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by Lana Cooper

10 Jan 2012


Beavis & Butt-head have returned to television after a nearly 15 year respite. Highland High’s favorite students haven’t changed all that much, which is fairly comforting. Yet, as welcome a presence as MTV’s witless and unwitting arbiters of taste may be, these two idiots have yet to repeat the sound and fury that accompanied their original run in the mid-‘90s.

With so much “reality”-based drivel having set a not-so-lofty standard, perhaps we’ve all grown a little too accustomed to shock factor television. Furthermore, Beavis and Butt-head paved the way for even more outrageous prime-time and cable network cartoons that tackle hot button topics of the day. Since Beavis & Butt-head dropped out of sight, shows like South Park and Family Guy have more than picked up the slack with off-color hilarity and social commentary.

by Jonathan Tjarks

14 Jul 2011


At one point in the FX cartoon Archer, Lana, a co-worker of the titular character, snaps at him: “I’m sick of you getting the best assignments just because your mother’s the boss. Do you know what that’s like?”

His reply: “Besides awesome?”

by Chris Conaton

22 Jun 2011


In the space of a week, AMC’s The Killing was renewed for a second season and wrapped up its first season. And the conclusion was mightily unsatisfying. Most TV critics and discerning viewers gave this show a shot based on both its pedigree and its strong start. AMC has launched a small group of highly intelligent original series over the past few years, including Mad Men, Breaking Bad, The Walking Dead, and the unjustly-ignored, now-canceled Rubicon. At first, The Killing seemed to fit right in with that lineup. It was dark and uncompromising, purporting to follow a murder investigation over the long term, with each episode covering another day in the case. But the show wasn’t just going to stay with our intrepid detectives, the dour Linden (Mireille Enos) and the twitchy Holder (Joel Kinnaman). It was also going to follow the mayoral campaign of Darren Richmond (Billy Campbell), the candidate in whose car Rosie Larson’s body was discovered. Most importantly, the show was also going to track the grief process of Rosie’s family, as they first learned of her death, through the funeral arrangements, and going forward.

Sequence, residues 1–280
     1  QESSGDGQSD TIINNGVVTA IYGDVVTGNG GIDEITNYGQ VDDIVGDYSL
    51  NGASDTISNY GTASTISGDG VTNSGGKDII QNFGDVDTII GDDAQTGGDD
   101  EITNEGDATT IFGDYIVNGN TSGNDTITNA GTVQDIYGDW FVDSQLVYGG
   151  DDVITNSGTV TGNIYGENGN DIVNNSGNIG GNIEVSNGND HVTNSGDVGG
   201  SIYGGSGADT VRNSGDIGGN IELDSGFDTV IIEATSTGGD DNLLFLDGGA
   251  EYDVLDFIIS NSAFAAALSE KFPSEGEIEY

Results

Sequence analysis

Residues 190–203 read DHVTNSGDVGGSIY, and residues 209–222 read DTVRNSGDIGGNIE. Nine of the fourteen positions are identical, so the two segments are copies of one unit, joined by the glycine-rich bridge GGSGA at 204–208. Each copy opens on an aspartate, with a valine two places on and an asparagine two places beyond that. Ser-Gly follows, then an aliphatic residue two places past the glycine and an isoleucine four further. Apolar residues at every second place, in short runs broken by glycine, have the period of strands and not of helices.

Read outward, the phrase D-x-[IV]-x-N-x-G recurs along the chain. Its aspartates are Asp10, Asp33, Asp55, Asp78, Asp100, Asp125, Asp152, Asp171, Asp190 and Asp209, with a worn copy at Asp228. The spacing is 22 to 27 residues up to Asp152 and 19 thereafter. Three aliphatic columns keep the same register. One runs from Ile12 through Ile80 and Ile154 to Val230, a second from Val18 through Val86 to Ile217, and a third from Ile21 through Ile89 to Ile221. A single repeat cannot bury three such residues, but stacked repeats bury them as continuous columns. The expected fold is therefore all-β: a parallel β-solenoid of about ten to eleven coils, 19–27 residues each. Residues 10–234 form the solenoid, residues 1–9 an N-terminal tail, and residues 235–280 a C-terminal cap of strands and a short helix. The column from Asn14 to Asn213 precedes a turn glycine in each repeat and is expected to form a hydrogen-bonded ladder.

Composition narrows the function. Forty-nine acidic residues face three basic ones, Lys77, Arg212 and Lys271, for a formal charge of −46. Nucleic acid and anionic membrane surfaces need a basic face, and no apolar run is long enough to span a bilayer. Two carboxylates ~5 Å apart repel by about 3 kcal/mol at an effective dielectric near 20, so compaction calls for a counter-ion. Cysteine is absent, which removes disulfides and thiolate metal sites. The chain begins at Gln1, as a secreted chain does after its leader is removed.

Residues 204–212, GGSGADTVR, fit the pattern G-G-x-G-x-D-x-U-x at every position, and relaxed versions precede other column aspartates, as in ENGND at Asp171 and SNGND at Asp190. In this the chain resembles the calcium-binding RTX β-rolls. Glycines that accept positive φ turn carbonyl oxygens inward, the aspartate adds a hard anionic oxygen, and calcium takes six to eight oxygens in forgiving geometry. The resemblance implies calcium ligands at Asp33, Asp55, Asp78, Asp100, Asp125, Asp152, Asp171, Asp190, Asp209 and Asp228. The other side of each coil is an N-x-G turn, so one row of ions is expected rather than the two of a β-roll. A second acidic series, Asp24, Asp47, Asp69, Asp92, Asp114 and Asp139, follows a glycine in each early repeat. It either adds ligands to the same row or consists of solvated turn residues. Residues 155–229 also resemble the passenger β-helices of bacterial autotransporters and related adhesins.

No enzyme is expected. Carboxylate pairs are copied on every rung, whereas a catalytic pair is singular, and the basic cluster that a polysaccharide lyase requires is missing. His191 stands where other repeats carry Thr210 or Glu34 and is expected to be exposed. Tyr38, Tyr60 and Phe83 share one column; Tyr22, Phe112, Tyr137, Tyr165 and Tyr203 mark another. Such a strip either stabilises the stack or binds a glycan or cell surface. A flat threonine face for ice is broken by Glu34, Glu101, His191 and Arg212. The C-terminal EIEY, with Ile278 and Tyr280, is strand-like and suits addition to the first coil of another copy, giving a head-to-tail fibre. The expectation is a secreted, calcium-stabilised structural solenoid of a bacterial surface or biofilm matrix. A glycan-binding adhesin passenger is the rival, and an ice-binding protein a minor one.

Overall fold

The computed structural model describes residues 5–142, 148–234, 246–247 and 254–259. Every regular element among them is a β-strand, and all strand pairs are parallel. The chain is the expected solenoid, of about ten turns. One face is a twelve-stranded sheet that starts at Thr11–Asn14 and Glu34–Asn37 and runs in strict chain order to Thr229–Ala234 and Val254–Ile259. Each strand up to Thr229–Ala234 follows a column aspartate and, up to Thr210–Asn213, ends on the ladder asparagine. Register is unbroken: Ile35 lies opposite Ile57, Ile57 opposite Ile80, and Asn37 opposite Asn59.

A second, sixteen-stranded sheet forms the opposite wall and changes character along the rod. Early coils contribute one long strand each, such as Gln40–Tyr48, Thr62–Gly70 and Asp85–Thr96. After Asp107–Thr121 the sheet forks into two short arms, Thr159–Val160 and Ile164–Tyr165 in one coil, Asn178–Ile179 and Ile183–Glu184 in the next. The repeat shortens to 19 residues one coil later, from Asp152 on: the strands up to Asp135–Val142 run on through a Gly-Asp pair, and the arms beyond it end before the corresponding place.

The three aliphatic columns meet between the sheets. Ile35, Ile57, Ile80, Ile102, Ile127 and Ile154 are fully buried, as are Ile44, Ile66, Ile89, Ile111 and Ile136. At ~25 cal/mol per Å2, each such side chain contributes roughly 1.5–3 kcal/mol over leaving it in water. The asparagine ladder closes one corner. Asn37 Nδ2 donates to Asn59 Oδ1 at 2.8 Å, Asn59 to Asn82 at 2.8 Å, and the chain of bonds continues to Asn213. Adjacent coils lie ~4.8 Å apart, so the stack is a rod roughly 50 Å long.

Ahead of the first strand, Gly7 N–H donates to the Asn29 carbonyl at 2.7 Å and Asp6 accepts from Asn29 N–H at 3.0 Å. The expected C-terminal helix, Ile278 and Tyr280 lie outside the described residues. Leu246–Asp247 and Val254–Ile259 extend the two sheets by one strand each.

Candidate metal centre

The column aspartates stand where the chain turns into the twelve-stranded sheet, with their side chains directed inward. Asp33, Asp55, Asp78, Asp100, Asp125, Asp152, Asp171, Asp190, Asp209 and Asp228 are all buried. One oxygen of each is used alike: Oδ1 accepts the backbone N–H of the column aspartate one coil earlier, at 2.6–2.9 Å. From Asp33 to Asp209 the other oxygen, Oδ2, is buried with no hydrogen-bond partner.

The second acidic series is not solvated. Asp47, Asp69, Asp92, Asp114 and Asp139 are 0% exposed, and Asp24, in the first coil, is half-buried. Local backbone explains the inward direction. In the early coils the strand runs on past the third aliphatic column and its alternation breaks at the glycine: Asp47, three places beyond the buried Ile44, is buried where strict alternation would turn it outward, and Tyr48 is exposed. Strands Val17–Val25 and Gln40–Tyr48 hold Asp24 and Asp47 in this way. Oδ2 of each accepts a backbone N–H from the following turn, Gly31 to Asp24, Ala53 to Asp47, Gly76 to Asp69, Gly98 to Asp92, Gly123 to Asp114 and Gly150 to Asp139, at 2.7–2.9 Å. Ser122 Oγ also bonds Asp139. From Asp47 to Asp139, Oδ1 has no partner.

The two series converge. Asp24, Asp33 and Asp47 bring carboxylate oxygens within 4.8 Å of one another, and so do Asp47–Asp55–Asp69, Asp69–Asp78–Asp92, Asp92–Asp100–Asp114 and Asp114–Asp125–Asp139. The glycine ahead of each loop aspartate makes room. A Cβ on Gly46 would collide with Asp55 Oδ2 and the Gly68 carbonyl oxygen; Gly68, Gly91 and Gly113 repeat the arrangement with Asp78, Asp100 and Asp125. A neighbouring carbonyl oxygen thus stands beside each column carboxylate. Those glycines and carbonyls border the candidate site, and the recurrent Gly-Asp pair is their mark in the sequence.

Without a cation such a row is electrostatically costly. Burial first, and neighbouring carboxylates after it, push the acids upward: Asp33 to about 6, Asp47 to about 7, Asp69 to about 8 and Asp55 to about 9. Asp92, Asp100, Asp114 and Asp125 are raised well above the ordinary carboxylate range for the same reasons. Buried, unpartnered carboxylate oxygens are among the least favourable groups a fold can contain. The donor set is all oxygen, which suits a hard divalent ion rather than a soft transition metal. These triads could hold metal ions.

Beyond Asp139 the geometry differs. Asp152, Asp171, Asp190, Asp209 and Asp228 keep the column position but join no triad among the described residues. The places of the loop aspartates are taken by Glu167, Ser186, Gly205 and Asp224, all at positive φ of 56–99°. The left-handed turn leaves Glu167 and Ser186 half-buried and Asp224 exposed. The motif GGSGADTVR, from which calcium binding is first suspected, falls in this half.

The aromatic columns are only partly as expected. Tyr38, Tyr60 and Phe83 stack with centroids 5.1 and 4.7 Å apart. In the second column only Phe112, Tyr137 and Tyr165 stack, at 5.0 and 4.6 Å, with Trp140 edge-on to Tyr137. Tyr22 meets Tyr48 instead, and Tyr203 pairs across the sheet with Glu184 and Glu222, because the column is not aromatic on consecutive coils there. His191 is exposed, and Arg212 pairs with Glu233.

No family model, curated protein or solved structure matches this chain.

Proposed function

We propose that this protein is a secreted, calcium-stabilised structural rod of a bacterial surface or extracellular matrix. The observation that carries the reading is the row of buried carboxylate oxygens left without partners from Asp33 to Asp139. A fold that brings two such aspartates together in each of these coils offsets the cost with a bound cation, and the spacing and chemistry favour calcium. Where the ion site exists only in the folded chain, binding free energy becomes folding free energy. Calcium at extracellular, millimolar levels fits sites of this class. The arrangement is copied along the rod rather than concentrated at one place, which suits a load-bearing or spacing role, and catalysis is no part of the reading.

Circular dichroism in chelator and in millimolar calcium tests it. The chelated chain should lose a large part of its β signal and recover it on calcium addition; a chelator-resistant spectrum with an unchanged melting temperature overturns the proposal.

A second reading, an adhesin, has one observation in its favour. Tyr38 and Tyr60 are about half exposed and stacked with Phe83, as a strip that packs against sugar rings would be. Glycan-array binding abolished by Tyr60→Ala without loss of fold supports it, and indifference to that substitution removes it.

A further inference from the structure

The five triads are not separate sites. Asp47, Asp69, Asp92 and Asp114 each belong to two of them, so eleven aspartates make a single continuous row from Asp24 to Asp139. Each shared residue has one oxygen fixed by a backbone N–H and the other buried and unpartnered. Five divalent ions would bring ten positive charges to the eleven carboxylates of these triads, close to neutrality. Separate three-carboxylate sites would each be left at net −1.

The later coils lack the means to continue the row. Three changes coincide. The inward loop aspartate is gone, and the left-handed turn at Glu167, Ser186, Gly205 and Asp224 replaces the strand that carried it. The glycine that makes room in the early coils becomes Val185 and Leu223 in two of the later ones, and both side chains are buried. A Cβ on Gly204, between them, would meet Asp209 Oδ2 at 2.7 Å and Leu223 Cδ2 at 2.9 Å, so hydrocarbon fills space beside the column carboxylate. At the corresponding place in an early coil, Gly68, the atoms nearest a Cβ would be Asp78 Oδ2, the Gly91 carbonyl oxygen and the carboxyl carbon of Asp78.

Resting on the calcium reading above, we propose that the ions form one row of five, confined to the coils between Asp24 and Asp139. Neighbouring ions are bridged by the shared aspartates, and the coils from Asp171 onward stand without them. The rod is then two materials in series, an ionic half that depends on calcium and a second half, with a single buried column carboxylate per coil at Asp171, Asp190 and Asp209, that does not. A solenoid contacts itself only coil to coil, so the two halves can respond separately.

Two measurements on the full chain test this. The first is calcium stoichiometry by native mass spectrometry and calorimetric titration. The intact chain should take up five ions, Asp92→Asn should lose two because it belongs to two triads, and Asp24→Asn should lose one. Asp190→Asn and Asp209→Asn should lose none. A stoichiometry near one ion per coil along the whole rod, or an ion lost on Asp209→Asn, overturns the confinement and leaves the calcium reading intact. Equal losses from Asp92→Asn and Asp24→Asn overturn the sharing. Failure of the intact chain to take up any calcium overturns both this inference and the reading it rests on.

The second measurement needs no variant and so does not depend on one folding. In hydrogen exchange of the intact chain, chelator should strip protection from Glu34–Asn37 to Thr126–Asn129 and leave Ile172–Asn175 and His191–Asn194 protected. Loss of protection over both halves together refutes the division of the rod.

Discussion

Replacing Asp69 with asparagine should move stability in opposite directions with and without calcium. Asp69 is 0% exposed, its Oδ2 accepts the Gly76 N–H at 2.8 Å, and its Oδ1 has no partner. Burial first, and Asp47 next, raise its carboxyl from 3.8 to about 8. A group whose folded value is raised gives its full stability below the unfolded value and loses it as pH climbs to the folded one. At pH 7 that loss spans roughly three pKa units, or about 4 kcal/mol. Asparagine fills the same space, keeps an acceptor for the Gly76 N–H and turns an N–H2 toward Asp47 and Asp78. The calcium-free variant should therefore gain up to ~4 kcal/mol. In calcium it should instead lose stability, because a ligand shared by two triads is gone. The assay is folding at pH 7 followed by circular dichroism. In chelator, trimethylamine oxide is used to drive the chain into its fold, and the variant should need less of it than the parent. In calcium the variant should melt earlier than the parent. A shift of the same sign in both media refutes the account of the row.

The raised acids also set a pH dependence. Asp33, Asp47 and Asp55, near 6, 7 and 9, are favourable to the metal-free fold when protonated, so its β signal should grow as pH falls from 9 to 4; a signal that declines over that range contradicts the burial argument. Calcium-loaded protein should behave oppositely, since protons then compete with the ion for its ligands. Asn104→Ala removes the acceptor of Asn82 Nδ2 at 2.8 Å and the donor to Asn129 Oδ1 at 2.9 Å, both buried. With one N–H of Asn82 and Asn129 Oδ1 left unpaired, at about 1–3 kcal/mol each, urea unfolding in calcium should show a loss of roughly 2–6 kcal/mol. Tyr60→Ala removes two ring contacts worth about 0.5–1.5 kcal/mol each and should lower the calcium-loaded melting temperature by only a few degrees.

This all worked beautifully for the first three or four episodes of the show. But things started to go astray in the middle of the season, as the detectives circled around Rosie’s teacher Bennet Ahmed (Malcolm David McLaren), a Muslim with a thing for pretty young students. Ahmed’s alibi for the night of Rosie’s death didn’t add up, but viewers knew that he wasn’t going to be the killer. So we spent a whole chunk of episodes as the show tried to convince us that it really was him, only to find out that of course it wasn’t. Things picked up again as the series entered its final stretch, with plot twists that seemed organic and actual headway being made in the case. An episode-long detour in the 11th episode, “Missing”, turned out to be valuable character development time as Linden and Holder spent the day searching for Linden’s truant teenage son. “Missing” was a great episode, far removed from the main premise of the show, and it would’ve fit nicely about halfway through the season to help us get to know our leads better. But coming two episodes away from the season finale, it almost felt like too little, too late.

by Devin Mainville

10 Jun 2011


I read a quote once that I now am unable to find via the usually helpful Google search, but the gist of it was, “One should never feel guilty about pleasure.” I want to say that the quote is from Mae West, but that might just be wishful thinking. Anyway, while I want to agree with the spirit of that quote, I feel too much embarrassment about some of my television choices to fully accept that mantra.

There are many shows I’m not exactly proud to say that I watch, but none that cause me quite as much shame as Degrassi: The Next Generation. This reigns supreme as my guilty pleasure, beating out such favorites as The Real Housewives franchise, Jersey Shore and even House Hunters: International, for a variety of reasons. First and the most obvious, it’s a show that revolves around kids aged 13 to 17 and I am a grown woman of 21. Second, the plotlines consist of the stuff you’d expect to see in bad ‘70s after school specials (were there good after school specials? Probably not). And third, on a good day the acting can only be described as mediocre.

by Kate Dries

7 Jun 2011


Upfront season is a time of cautious optimism; the pilots you’ve long been praying would make it through have been shot, picked up by networks, and the actor that you love is finally getting their big break (or second shot). But the worst feeling is when you’ve put too much stock into a show that just isn’t panning out the way you’d like.

At first, I had high hopes for NBC’s The Playboy Club, and on some level, I still do. Set in my favorite era, the ‘60s, I thought I’d be a network version of Mad Men, except Chicago-style. A potential exploration into the drama behind the glamour, The Playboy Club cast Amber Heard as the new Bunny in town, Naturi Naughton, who wants to be the first black Playboy centerfold, and Laura Benanti as their Bunny Mother.

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